“After the signing of the agreement, there is still a long way to go, especially the battle that will take place at the European Parliament,” Minister of Foreign Affairs and International Cooperation Nasser Bourita said Friday, September 7, in a statement published by state-owned news agency Maghreb Arab Press (MAP).
Bourita spoke at a meeting on the “Morocco-EU negotiations on the fisheries agreement” at the Committee of Foreign Affairs, Borders, National Defense, and Occupied Zones at the House of Councillors in Parliament.
Before entering into effect, the fisheries agreement must pass through the European Parliament and receive approval by all 28 EU member states.
“The battle requires support from the various actors, parliamentarians and supporters, in order to consolidate the achievements made by Morocco in this matter,” Bourita added.
The Moroccan foreign minister stated that Morocco had set “red lines” in its negotiations over the renewal of the fisheries agreement. They included “the kingdom’s national sovereignty, bringing the agreement in line with the national fisheries strategy, and the need to consider sustainability of resources and their control.”
The agreement, which allows European fishing boats to operate in Moroccan waters for compensation, excluded the Mediterranean Sea in order to preserve Morocco’s fishery resources.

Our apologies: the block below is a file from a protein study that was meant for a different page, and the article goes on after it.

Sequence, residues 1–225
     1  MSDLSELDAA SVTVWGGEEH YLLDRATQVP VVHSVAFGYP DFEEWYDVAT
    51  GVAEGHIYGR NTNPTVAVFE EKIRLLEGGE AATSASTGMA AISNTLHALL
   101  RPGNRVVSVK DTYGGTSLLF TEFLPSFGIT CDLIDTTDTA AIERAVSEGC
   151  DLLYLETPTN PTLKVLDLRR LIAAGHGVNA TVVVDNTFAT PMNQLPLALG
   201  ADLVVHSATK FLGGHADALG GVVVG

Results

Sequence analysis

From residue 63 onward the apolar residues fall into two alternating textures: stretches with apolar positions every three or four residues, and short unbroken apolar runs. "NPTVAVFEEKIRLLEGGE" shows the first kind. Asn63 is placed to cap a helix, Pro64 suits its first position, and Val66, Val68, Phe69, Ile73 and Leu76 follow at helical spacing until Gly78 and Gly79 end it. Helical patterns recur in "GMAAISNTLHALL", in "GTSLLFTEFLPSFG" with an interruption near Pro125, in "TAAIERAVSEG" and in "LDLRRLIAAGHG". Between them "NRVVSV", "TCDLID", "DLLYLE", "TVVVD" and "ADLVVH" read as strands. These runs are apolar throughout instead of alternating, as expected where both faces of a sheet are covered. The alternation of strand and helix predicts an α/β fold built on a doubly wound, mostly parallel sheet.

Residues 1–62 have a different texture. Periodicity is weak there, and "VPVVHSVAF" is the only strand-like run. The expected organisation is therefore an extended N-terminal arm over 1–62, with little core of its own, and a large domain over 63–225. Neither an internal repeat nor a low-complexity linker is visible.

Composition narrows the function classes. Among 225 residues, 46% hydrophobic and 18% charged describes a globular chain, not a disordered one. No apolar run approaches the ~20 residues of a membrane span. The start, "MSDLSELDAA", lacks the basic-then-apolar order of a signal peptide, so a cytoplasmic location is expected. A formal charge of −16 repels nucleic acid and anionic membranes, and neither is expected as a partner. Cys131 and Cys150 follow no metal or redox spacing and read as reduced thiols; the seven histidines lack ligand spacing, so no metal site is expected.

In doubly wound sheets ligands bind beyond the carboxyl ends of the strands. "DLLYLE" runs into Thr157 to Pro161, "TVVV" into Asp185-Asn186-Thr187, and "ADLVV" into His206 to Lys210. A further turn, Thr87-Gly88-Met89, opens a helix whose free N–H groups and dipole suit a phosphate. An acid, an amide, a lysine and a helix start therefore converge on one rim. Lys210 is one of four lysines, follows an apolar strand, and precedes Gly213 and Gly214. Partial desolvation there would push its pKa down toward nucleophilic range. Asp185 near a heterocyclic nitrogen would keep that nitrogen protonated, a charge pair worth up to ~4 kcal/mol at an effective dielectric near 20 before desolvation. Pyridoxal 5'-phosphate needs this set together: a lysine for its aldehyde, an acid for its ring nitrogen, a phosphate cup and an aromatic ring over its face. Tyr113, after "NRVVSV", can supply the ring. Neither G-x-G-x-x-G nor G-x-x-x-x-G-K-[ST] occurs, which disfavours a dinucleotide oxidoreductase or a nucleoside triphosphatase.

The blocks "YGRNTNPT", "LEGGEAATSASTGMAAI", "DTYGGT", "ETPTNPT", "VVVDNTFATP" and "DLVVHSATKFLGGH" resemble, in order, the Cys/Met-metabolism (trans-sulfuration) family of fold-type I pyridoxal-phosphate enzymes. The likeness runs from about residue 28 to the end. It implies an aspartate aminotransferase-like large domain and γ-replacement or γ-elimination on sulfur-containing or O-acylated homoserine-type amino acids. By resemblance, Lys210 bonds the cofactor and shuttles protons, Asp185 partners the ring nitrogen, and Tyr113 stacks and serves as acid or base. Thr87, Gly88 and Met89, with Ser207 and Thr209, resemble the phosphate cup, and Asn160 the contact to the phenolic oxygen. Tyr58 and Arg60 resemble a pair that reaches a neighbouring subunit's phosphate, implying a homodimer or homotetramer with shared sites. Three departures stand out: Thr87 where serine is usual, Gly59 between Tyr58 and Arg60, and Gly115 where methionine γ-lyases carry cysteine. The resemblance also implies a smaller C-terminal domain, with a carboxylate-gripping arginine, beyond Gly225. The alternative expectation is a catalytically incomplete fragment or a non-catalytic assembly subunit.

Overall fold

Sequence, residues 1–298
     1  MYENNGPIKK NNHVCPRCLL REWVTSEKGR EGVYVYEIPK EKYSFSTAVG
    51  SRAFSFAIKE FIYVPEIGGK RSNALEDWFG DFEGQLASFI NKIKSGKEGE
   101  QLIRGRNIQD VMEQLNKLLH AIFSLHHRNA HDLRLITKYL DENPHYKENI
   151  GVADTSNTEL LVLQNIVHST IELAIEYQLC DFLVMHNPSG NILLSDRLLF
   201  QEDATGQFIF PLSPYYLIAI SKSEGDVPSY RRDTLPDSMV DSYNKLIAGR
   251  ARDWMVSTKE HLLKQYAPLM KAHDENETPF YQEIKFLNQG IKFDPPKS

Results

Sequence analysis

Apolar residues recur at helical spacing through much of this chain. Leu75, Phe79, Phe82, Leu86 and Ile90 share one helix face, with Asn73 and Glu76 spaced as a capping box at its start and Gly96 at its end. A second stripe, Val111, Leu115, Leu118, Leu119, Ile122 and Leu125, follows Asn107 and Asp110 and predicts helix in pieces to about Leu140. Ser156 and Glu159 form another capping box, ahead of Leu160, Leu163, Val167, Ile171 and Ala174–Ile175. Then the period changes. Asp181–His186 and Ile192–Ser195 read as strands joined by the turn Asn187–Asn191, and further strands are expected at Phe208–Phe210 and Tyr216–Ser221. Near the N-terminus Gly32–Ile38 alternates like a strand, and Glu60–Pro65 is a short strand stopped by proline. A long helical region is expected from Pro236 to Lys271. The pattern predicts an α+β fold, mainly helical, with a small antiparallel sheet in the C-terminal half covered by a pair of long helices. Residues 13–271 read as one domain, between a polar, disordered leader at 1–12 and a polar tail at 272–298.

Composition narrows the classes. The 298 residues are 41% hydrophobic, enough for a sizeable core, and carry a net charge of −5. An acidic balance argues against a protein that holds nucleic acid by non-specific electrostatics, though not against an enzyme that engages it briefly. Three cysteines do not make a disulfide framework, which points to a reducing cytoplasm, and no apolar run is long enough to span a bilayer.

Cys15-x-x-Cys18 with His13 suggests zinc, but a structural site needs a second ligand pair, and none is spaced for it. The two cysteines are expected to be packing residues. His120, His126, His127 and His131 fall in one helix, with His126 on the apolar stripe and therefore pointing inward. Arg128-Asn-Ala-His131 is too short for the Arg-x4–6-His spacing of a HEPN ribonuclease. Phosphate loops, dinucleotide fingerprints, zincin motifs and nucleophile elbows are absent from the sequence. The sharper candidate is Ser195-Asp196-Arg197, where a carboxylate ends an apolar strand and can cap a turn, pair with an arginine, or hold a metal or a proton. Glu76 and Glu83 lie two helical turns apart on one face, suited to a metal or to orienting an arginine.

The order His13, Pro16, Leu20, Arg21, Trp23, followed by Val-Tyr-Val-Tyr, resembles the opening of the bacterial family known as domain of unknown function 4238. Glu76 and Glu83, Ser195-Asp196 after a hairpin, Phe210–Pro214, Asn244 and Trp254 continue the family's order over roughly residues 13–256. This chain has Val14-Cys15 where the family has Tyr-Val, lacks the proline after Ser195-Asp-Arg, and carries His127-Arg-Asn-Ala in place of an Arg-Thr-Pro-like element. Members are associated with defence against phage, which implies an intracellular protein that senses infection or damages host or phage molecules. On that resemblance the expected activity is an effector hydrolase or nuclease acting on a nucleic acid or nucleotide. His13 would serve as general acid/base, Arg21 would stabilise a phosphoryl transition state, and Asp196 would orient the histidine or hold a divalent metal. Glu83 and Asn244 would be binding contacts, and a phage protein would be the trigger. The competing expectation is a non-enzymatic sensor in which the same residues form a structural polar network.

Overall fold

Bourita also stressed “the strict delimitation of the geographical area covered by the agreement.”
Article 1 of the fisheries agreement stipulates that “the fishing area extends from parallel 35 to parallel 22, meaning from Cape Spartel in northern Morocco to Cap Blanc in the south.”
The minister also emphasized the strong involvement of the population’s representatives in the Morocco-EU partnership.
Morocco’s concerned regional councils, including those of the southern provinces, approved minutes in which they supported the negotiation process in accordance with the red lines Morocco had set, Bourita added.
On September, 2, a delegation from the European Parliament arrived in Morocco to evaluate “the benefits of the fisheries agreements” to the local population in Western Sahara. The delegation, which included deputies from the Committee on International Trade (INTA), met representatives of public authorities and NGOs during their stay in Dakhla and Laayoune in the southern provinces.
The chairman of the Moroccan-European Union Joint Parliamentary Committee, Abderrahim Atmoun, welcomed the visit. He also expressed hopes that “the next stage of voting on the two agreements, agricultural and fisheries, will tend to maintain the strong ties binding the two parties extending to all other areas of cooperation, including the political, technical and cultural cooperation as well as security.”